What is Paul really saying in 1 Corinthians 14:14?  Please allow me to rephrase the verse in William’s English: “If I pray in a language those around me do not know, I might be praying with the Spirit, but my thoughts would be unfruitful for those listening.” Paul is adamant that if we pray out loud, we should either pray so others around us can understand or else keep quiet! Notice the next few verses: “What is it then I will pray with the spirit, and I will pray with the understanding also: I will sing with the spirit, and I will sing with the understanding also. Else when thou shalt bless with the spirit, how shall he that occupieth the room of the unlearned say Amen at thy giving of thanks, seeing he understandeth not what thou sayest” 1 Corinthians 14:15,16. According to this text, the one who has the problem with understanding is the listener and not the speaker. If you have ever prayed with someone who is offering a prayer in a language unknown to you, then you know what Paul meant when he said it is difficult for you to say “Amen” (meaning “so be it”) at the end of the prayer. Without an interpreter, you have no idea to what you are saying “amen” to.

 It is obvious from the context of 1 Corinthians 14 that the purpose of speaking in tongues, or foreign languages, is to communicate the gospel and thereby edify the church. If the listeners do not understand the spoken language they cannot be 

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edified. Consequently, if there is no interpreter, the speaker is simply speaking into the air and the only ones present who know what is being said are God and him- self. This is the clear meaning of the often understood verse 2. “For he that speaketh in an unknown tongue speaketh not unto men, but unto God: for no man understandeth him; howbeit in the spirit he speaketh mysteries.”

 

Paul emphasizes again that the languages spoken need to be understood by the hearers or else the one who wants to share the gospel needs to sit quietly and just pray to himself. “So likewise ye; except ye utter by tongue words easy to be understood, how shall it be known what is spoken for ye shall speak into the air.” “But if there be no interpreter, let him keep silence in the church; and let him speak to himself, and to God.” Verses 9, 28. Clearly, as we see in Acts, chapter 2, the entire purpose of tongues is to share the gospel with all languages and people. As a matter of fact, in Acts 2:8 where it says, “And how hear we every man in our own tongue, wherein we were born”, many margins in the KJV will have a footnote by the word “tongue” which will read “language”.  

   

Some have thought that Paul did indeed pray a heavenly language or the language of angels when he says in 1 Corinthians 13:1, “Though I speak with the tongues of men and of angels.” If you read this verse in its context, you will see that the word “though” means “even if.” For example, Paul also said in verse 2, “Though I have all faith …” He did not have all faith. And verse 3 adds, “Though I give my body to be burned”. Paul was beheaded, not burned. So we can see that Paul here used the word “though” to mean “even if.”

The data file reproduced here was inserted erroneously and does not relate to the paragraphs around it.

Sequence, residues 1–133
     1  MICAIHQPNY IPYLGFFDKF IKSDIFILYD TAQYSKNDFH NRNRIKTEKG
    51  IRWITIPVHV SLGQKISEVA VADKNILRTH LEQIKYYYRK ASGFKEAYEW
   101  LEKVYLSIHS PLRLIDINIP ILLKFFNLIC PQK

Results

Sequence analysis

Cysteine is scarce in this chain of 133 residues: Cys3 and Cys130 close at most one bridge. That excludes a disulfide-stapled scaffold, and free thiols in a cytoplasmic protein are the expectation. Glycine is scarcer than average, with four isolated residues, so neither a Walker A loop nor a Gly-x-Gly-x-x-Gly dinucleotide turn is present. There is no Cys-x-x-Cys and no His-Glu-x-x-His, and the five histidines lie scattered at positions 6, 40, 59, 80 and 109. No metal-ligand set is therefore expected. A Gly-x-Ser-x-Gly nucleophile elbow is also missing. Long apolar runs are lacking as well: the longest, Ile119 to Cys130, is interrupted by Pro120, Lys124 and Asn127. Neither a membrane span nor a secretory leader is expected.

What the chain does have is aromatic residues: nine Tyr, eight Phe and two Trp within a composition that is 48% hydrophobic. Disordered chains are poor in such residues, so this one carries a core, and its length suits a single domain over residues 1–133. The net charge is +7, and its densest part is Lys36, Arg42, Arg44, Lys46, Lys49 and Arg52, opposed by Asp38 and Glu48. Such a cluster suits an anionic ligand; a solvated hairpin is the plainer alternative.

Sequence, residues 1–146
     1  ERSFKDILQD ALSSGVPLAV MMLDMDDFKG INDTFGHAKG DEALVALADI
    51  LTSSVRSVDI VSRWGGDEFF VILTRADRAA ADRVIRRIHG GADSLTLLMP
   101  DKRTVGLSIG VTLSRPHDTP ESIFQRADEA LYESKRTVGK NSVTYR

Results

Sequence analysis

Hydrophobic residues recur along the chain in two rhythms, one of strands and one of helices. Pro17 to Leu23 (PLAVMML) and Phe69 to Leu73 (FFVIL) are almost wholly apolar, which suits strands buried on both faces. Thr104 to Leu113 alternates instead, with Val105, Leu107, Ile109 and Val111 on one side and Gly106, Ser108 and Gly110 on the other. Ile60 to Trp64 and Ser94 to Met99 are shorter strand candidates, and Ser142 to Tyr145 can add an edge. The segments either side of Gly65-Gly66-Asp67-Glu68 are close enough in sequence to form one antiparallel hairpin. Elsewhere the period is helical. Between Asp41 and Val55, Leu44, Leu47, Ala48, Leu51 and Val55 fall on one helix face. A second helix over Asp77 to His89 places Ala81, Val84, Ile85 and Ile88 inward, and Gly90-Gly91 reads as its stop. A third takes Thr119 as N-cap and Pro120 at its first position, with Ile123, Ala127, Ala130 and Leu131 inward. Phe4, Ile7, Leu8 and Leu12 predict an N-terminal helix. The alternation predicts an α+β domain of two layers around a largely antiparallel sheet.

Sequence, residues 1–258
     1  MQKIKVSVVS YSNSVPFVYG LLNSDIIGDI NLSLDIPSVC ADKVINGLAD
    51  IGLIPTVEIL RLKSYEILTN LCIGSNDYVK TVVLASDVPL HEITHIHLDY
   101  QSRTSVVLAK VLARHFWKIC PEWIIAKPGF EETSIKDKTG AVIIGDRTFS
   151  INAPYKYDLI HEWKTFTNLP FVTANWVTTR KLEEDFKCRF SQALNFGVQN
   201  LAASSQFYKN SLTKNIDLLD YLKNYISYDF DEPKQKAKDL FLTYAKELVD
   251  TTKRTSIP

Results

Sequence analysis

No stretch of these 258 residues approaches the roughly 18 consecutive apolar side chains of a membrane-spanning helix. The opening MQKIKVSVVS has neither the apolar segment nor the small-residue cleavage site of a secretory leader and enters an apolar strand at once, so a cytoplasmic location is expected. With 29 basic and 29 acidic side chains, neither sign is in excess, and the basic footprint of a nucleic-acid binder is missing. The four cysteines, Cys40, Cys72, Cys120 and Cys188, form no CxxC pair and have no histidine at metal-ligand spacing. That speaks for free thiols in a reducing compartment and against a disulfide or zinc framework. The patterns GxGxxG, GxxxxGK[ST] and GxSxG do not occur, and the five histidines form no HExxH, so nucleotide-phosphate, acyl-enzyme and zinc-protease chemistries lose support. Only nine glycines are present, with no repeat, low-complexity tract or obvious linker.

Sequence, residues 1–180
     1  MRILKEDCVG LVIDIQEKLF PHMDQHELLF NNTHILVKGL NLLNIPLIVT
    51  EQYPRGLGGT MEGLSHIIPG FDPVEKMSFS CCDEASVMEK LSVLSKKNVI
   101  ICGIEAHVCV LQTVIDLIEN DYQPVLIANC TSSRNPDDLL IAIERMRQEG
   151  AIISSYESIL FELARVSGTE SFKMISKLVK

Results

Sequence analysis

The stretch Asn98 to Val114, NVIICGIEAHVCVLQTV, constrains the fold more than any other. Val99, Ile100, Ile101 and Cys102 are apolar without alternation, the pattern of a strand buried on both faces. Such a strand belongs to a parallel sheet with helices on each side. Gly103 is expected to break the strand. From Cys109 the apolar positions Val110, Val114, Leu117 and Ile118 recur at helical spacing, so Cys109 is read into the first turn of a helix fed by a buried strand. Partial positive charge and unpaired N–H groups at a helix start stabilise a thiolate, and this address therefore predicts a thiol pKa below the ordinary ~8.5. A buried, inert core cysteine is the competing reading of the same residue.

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Does Luke 16:19-31 Teach us That we go straight to Heaven When we die? 

Without a proper understanding of what the entire Bible says about death, it would be possible to get the idea from the above verse that when we die we go straight to heaven or straight to hell. When we study the Bible the way it suppose to be studied, “line upon line and precept upon precept, here a little and there a little” Isaiah 28:10, we understand that when we die we rest in our graves asleep, not knowing anything until Jesus returns and wakes us up. If we take the story of the rich man and Lazarus literally then we have a contradiction as to what happens when you die, as the rich man in the story dies and goes straight to hell. Here are some things to remember while reading this story to keep us from being confused.

  

 Jesus tells this parable in the midst of other parables in Luke 15 and 16. Jesus is only using this story to make a point and was not meant to be taken literally. Jesus was telling this story to Jewish leaders and so He told it in a way to get their attention. For example, they were big believers in Abraham, so in the story Lazarus goes to Abraham’s bosom. Obviously, not only do we not go straight to heaven or hell when we die, we also do not go to Abraham but to Jesus. This is an obvious sign this story is not meant to be taken literally. The Rich man asks for water to be sprinkled on his tongue. Again if this was literal, what good would a few drops of water do? At the end of the story Jesus makes the point that if they did not believe already they would not believe though someone rose from the dead. Here Jesus makes the whole point of the story. Jesus picked the name Lazarus in His make believe story, to remind them that one named Lazarus did indeed rise from the dead and they still did not believe. And of course the real Lazarus who rose from the dead had no tales to tell from the grave as he had been dead and asleep the whole time.